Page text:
Villa Julie graduates get lesson in perseverance

Surgeon with dwarfism describes his challenges

May 19, 2007|By Gina Davis | Gina Davis,Sun Reporter

When others said no, he pressed on. When others closed doors, he pushed forward. When they told him he'd never realize his dream of becoming a surgeon, he proved them wrong.

"They told me I couldn't do it because of my size: `Patients won't respect you and you couldn't do it physically,'" recalled Dr. Michael C. Ain, who at 4 feet 3 inches tall is believed to be the only little person to become a surgeon. "Needless to say, I challenged them on both."

More than 500 graduates at Villa Julie College in Stevenson listened intently at the 55th commencement yesterday as Ain recalled receiving dozens of rejections - an estimated 60 - from medical schools across the country.

Ain, who has a form of dwarfism called achondroplasia, is an orthopedic surgeon and associate professor in pediatric orthopedic surgery and neurosurgery at the Johns Hopkins University, where a medical geneticist diagnosed his condition as a child.

The Brown University graduate eventually was accepted at Albany Medical College in upstate New York.

Against the backdrop of the graduation's theme, "With this step, we start our journey," Ain pointed to his experience as evidence that drive and determination can propel anyone past the doubters.

Ain, 46, recalled a recent encounter with a surgeon who years before had insisted he would never become a surgeon.

"I'm not saying revenge is sweet, but I reminded him a few times about those remarks," said Ain, who is one of only a handful of little people who are physicians.

"As my mother would say, `Not too shabby,'" Ain added as the crowd erupted in chuckles.

As Lauren Humphries, a 21-year-old rising senior from Bel Air, introduced him to the audience before his speech, she said that she and the doctor share more than obvious similarities in stature. She also has achondroplasia and is one of his patients.

"We both have small hands, big hearts and big dreams," she told the crowd filling the bleachers in the college's gymnasium. "And we both cringe at the same four-letter word - `can't.'"

Humphries said she met Ain in February 2005 when she required a spinal fusion procedure to treat spinal stenosis, a narrowing of the pelvic bones that causes the compression of the spine and is a common condition associated with achondroplasia.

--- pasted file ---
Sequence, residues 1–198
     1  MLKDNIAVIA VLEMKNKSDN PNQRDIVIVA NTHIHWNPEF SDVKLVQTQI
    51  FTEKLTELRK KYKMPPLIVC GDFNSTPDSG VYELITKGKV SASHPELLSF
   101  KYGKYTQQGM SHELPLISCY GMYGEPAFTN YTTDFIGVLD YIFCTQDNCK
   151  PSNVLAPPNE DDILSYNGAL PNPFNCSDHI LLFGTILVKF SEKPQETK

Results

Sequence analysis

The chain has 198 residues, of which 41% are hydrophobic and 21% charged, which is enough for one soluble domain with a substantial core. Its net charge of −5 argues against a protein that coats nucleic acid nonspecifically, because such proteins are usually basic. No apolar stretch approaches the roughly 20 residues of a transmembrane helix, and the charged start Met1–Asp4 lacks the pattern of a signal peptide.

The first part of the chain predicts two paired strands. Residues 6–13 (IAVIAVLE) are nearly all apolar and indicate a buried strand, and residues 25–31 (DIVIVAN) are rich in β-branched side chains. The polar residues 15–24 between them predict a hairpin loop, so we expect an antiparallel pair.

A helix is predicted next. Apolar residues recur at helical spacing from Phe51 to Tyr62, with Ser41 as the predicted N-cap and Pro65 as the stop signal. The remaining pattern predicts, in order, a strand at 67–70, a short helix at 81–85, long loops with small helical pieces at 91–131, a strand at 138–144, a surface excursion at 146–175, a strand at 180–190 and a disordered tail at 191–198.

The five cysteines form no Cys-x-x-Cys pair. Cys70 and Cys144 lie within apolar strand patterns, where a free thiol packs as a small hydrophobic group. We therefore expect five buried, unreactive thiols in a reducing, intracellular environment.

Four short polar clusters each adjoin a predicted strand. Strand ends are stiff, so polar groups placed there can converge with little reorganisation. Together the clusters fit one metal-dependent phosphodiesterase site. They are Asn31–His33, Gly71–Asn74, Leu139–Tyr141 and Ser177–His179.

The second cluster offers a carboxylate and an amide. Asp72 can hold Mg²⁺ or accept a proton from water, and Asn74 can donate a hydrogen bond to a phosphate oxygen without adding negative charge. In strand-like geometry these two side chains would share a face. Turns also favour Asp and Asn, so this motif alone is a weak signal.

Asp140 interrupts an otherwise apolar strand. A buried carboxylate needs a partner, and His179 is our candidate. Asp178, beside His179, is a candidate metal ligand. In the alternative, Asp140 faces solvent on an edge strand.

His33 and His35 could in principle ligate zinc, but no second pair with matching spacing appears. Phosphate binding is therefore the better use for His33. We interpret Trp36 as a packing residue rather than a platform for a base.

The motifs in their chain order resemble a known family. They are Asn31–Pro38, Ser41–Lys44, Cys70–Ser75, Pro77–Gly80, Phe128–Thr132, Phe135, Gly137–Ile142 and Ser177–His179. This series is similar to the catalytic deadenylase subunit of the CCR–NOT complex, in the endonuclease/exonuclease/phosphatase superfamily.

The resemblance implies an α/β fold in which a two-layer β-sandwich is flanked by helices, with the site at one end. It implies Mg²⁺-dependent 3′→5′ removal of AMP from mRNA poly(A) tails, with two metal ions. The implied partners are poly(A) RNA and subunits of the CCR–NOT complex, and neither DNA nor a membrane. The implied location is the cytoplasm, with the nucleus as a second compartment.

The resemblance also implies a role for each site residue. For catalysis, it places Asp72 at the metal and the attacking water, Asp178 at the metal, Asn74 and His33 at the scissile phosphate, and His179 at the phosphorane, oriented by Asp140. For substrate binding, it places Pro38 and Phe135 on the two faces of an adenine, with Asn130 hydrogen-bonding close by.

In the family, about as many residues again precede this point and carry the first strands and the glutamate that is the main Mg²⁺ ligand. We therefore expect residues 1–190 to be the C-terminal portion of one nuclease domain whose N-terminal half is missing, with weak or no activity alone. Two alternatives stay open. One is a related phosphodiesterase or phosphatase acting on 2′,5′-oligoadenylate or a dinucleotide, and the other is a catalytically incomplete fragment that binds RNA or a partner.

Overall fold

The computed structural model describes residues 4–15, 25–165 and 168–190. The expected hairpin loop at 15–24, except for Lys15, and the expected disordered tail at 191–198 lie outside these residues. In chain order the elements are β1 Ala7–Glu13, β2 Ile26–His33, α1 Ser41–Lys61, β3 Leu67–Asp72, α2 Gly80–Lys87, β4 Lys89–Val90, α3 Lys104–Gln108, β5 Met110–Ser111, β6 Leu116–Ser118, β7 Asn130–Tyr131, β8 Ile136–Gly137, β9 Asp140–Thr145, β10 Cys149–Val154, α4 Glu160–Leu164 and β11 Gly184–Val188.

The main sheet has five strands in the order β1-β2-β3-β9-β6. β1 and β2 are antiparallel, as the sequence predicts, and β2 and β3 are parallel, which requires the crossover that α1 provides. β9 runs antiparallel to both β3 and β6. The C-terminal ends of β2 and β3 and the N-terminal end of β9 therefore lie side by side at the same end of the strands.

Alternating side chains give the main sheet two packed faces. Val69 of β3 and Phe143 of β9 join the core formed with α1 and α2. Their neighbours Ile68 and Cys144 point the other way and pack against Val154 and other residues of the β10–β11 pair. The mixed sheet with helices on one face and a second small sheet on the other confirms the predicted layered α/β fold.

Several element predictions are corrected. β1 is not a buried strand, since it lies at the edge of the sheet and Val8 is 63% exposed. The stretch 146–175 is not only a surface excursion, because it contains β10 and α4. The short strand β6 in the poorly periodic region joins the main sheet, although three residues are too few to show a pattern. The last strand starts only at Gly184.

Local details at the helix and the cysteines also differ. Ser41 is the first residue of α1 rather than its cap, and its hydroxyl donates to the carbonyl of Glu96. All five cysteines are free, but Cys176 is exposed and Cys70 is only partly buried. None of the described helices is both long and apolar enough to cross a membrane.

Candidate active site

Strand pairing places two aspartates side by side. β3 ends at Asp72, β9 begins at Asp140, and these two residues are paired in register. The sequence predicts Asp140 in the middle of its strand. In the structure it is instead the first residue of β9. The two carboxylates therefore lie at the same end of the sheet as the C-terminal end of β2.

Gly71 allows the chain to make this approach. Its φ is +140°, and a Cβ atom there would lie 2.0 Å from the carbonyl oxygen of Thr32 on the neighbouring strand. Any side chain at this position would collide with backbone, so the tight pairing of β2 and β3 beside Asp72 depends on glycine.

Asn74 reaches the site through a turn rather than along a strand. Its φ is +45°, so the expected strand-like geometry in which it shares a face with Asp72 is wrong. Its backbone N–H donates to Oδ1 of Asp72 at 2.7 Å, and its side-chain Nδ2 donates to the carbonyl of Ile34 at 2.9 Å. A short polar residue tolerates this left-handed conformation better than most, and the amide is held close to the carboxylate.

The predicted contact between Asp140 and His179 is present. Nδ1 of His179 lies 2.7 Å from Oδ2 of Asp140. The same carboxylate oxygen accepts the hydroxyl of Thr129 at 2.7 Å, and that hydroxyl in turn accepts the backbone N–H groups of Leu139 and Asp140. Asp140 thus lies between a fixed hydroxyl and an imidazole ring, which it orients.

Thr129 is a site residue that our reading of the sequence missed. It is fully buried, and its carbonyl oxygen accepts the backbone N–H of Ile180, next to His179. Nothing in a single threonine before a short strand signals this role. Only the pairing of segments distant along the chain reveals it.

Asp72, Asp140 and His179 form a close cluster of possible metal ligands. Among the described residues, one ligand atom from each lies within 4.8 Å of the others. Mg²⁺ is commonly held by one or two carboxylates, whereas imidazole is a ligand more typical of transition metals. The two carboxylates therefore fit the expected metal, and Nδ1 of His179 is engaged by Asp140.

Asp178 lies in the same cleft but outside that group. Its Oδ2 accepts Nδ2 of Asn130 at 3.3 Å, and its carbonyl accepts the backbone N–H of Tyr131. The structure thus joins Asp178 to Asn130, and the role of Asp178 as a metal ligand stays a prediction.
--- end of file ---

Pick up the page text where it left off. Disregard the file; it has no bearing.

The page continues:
"I feared I'd never walk again, let alone play another tennis match," she told the crowd.

"But luckily for me, somewhere in a parallel universe in the recent past, there lived a man who dreamt of becoming a surgeon," she said. "Facing similar obstacles, he set out to follow his dream, but his path toward medical school was blocked by others' doubt, disbelief and uncertainty. Again, luckily for me, the man never gave up."

In an interview after the graduation, Humphries said she has long held convictions similar to Ain's.

"My philosophy has always been to prove people wrong," said Humphries, a business communications major who wants to work in public relations.

As graduates poured into a courtyard area outside the gym, 21-year-old Fernando Huertas of Laurel said he could relate to Ain's message about perseverance.

"I've always had the mentality that you put your head down and charge through," said Huertas, who received a bachelor's degree in computer information systems yesterday.

Born in Puerto Rico, Huertas moved to Mount Vernon, Va., when he was 3 years old with his mother, Morayma Huertas, a nurse and a single parent, and his brother, Roberto Jr., and sister, Belleange. Huertas is the first of the siblings to earn a college degree.

Yesterday, his mother beamed with pride. His father, Roberto Sr., an anesthesiologist who had flown in from Puerto Rico for the graduation, darted around taking pictures. His stepfather, Jorge Valdes, straightened Huertas' tie.

And his sister sang his praises.

"It's a great accomplishment, and we're very proud of him," said Belleange Huertas, 24, who is a service coordinator for children with disabilities in the infants and toddlers program for the District of Columbia's Department of Human Services.

Her brother, she said, has inspired her to consider attending college. She said she'd like to become a teacher and perhaps open an outreach center.

For now, she encouraged her brother, who plans to return to Villa Julie College this fall to pursue a master's degree in advanced information technology, to take Ain's advice to heart.

"Keep positive and stay focused," she said. "The sky's the limit now."

gina.davis@baltsun.com

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